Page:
Sunday, December 16, 2007

No lip service for Manila Mayor Lim

Mexico D.F.-- From across the Pacific Ocean,I have
been able to follow closely the denouement of the
Luneta Hotel case, thanks to the internet. What a
relief that the venerable edifice, probably the only
one in the country reminiscent of Italian Renaissance,
has escaped the wrath of the wreckers ball, unlike the
lamented Jai-alai and the oldest police station in
Asia, the Meisic.

A couple of years ago, rumors were rife that the
Luneta Hotel was doomed because it sits on premium
real estate which was up for grabs. The modus
operandi then was to let heritage structures decay and
rot so the city administration in power could justify
demolition and award these to the highest bidder who
would then construct yet another lackluster shopping
center or a nondescript high-rise building. That was
what happened to the Manila Jockey Club, designed by
National Artist Juan Nakpil and declared a landmark by
the National Historical Institute. In the same
mindless manner, we lost Manila’s historic downtown
theaters, notably the Grand Opera House. So, until
recently, heritage advocates, history buffs, art
lovers, tourism promoters, even the general public
lived in dread of losing yet another irreplaceable
landmark—the Luneta Hotel.

A couple of months ago, there was a signboard on top
of the hotel´s main entrance which read “ Ïnternet
Casino”, but when asked, the PAGCOR (Philippine
Amusement and Gaming Corporation) denied knowledge of
any such plan. Then in October, a menacing building
permit, in blood red letters, was nailed on the
façade as construction materials started piling up on
the sidewalks around the Luneta Hotel. However, the
City Engineer insisted that there were no plans of
demolishing the Luneta Hotel, no matter how damaged
the structure; in fact, the new owners were starting
to repair it, that is why the building permit. It was
alarming, nevertheless, because no one knew the
property had changed hands.

The good news is that the Luneta Hotel will not
be demolished. Evidently, Manila´s built heritage
resources now have a better chance for survival
because Mayor Alfredo S. Lim ´s interest in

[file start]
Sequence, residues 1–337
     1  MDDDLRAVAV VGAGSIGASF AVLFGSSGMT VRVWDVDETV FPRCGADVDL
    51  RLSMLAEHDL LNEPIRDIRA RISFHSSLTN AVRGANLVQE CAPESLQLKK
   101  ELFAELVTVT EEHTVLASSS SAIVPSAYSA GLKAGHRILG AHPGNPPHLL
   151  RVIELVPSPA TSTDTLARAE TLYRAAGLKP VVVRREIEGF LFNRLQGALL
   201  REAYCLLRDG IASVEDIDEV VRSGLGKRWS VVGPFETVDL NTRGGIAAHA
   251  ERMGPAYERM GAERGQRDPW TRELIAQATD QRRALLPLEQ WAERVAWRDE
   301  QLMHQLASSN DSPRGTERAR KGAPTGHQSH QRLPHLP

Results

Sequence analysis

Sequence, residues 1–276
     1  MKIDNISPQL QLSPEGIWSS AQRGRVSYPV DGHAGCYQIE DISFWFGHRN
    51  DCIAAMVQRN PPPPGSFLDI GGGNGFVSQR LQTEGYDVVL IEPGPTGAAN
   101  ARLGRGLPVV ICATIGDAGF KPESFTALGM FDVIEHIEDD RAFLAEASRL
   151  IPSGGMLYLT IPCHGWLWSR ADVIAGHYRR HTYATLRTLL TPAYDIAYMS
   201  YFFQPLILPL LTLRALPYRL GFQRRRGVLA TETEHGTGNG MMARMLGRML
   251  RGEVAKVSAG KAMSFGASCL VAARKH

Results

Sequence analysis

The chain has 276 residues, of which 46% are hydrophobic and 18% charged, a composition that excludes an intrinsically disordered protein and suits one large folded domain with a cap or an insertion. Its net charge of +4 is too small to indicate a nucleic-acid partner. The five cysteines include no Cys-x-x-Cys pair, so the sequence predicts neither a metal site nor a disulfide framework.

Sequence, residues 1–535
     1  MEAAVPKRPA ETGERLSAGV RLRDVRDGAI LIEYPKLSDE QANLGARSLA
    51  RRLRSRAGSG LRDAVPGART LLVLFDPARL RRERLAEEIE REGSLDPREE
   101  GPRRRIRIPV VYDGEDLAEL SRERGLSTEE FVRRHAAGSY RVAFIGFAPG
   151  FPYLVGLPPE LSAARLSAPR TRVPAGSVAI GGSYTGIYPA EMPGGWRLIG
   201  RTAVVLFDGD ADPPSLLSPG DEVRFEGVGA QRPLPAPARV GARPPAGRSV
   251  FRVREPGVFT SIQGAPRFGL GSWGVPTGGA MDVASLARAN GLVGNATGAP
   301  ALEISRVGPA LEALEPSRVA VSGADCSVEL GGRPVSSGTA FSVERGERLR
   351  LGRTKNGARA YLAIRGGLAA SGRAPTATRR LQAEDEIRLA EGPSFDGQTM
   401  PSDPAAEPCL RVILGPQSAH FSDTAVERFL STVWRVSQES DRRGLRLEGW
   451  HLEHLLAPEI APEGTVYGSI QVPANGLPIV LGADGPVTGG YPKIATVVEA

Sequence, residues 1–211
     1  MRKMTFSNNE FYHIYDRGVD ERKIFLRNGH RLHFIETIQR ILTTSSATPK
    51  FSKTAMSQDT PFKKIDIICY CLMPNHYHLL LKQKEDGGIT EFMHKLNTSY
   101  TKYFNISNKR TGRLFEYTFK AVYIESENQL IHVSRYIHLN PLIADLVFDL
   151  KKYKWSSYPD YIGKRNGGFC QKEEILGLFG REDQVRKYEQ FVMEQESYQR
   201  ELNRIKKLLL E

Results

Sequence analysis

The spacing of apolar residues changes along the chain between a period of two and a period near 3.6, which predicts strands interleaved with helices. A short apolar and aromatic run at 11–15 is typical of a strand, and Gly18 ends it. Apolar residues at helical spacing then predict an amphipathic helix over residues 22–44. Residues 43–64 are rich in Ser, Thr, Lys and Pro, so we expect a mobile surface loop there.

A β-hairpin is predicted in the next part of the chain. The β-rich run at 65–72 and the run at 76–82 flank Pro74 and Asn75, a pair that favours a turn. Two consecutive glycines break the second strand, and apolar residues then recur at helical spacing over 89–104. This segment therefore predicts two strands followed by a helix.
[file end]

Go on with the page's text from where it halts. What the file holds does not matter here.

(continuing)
restoration is not merely lip service. When he was a
senator, he saved a vintage public school named after
Jose abad Santos from the wreckers ball. He believes
that traditional Filipino values can be revived
through history, culture and heritage, that is why
these are promoted in his 11-point agenda.

Last July, Mayor Lim signed Executive Order no.
10 which reconstituted a historical commission
established in his first tenure, it is now the Manila
Historical and Heritage Commission (MHHC) which works
closely with the City Engineer and City Planning
Office. The Museo ng Maynila at the former Army & Navy
Club is open once again. There is a “patrimonial
properties “ committee led by the Mayor´s Chief of
Staff and City Administrator, which meets weekly to
evaluate all city properties and their appropriate

Under Mayor Lim, the City Engineer´s Office has
become open and straightforward in its dealings with
NGOs like the Heritage Conservation Society (HCS)
which it has asked to liaise with the new owners of
the Luneta Hotel. This time, their pleas for
restoration and protection of built heritage resources
have not fallen on deaf bureaucratic ears, according
to HCS trustees Archs. Dominic Galicia and Bettina
Bonoan and past presidents Ms. Bambi L. Harper and
Arch. Augusto Villalon. Since Mayor Lim was easily
accessible, so sincerely concerned about the
preservation of the Luneta Hotel, the city engineers
and the new proprietors have to pay more than just lip


Anonymous said...

Thank God for Mayor Lim! And kudos to you for continuing to write about heritage conservation, even as heritage writers need salvation from extinction themselves!

Robby Tantingco
Center for Kapampangan Studies

Bert M. Drona said...

Hi Gemma,

As far as I know, it seems we're the only country and people who do not treasure our national history/heritage in all its forms. Spain, our former colonizer, is very active in preserving, reminding and teaching about its national history: its heroes, its battles/wars, etc. to its people and especially its young.

I want to believe that maybe for a valid reason such as the lack of funding, we can not afford to have a similar approach, however minuscule... for our national heritage; in turn due to lack of nationalism, ergo lack of appreciation of our national past.

However I suspect that on top of this lack of nationalism, with the ever increasing thievery going on for the last 2 generations in our homeland, the concern for "Patria" has practically disappeared from our rulers and among many of us so-called educated Filipinos.

We concerned Filipinos can still help reverse such attitudes and behavior -however difficult and long process it really is -by fighting and educating formally and informally- for Filipino nationalism.

All the rest, including respect for our national heritage will then fall in their proper places.